Suffering and Compassion

Unless you have isolated yourself from media, it is impossible not to be aware of appalling conditions in which many beings live in this world. Homelessness, malnutrition, ecological destruction, extinction of species, deplorable conditions at factory farms, terrorism, war and pollution are just a few examples. Yet, even in a perfect world, where everyone lived in abundance and therefore felt no need to exploit other beings and our environment, would suffering no longer exist? Would we not still suffer disappointments, disease and loss? Pain and suffering are part of life on Earth and are, more often than not, the greatest motivator for growth.

This does not mean we should throw up our hands. We have the means to understand the suffering that we see and experience, and to work to alleviate it. The real task is to learn to love through it all.

Compassion is often misperceived as an inactive quality. Opening to suffering is mistakenly equated with debilitating sadness. It is, however, the deep understanding of suffering, and the compassion that develops as a result, that motivates us to act on behalf of other humans, animals and our environment.

Opening to Difficulty

How can we open our hearts to the immensity of the difficulty in our world? We begin with the intention to investigate our own suffering. Understanding and accepting our own suffering is the door to relating to the suffering of others. There are many ways in which we all have learned to avoid our own daily discomfort. We snack, get lost online, drink, take drugs or lose ourselves in constant activity. Sometimes we acquire possessions or exotic experiences. While these things are neither morally right or wrong, they are ways in which we obscure our ability to see clearly what is happening in our own experience.

It is helpful to identify our coping mechanisms, and when we feel the impulse to indulge them, to stop and feel what we might be trying to escape. What does boredom really feel like? How about restlessness, anger or fear? What is the truth of the discomfort that you feel? In her book, Lovingkindness: The Revolutionary Art of Happiness, Sharon Salzberg writes, “The truth may be difficult to open to, but it will never hurt us.”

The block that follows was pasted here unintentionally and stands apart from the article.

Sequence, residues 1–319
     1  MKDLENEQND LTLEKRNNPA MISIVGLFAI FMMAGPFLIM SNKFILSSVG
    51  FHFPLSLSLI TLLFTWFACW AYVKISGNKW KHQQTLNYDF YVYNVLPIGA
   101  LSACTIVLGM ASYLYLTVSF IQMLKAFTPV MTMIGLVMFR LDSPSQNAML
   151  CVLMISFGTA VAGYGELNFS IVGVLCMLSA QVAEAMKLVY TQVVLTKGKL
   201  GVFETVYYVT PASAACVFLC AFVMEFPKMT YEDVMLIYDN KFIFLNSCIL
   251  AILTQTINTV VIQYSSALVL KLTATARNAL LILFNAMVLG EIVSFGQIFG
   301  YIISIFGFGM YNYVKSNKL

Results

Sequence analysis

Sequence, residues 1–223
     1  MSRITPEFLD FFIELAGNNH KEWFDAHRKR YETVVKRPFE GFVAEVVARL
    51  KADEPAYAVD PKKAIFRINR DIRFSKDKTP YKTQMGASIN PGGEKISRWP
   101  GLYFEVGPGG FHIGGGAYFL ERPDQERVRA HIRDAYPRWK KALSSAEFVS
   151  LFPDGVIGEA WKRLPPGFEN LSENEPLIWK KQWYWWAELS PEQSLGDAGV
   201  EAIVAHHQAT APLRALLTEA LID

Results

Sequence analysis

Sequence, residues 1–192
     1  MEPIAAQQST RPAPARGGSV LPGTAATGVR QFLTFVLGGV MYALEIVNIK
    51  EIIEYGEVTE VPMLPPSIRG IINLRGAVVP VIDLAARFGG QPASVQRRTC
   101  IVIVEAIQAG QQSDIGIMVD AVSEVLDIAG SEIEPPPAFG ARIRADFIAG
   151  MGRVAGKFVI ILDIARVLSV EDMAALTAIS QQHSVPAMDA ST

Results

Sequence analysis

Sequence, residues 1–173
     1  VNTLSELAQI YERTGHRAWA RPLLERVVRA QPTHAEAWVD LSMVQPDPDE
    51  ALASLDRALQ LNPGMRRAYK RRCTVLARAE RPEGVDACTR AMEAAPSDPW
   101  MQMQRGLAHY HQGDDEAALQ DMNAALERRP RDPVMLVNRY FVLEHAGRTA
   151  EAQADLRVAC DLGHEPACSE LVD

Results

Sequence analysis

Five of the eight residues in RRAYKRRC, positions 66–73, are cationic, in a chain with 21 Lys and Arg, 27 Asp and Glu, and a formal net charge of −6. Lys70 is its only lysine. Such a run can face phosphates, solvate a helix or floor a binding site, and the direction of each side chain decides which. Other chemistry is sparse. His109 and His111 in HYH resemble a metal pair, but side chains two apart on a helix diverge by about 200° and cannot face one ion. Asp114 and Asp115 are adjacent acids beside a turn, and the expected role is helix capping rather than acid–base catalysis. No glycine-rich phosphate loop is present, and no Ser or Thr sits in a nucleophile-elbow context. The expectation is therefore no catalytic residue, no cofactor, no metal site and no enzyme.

Practicing Compassion

There are many ways to practice compassionate action. What you choose to do does not need not be elaborate. Compassion can take a form as simple as a smile or a kind word. You might share a meal with someone who often eats alone. Or you could choose to invest some of your resources in a cause with which you feel a connection. One of the most profound gifts you can offer is your presence, your willingness to listen to someone.

You can also practice compassion as a meditation.

  1. Begin by sitting in a comfortable position.
  2. Call to mind someone you know—an individual or a group of beings—who is experiencing difficulty. Reflect on the nature of their suffering.
  3. As you feel ready, begin to state silently your wish for their freedom from suffering. Examples are: “May you be free from suffering” or “May you know peace.”
  4. Feel free to sample other wordings that might resonate more completely for you.

Hurt People Hurt People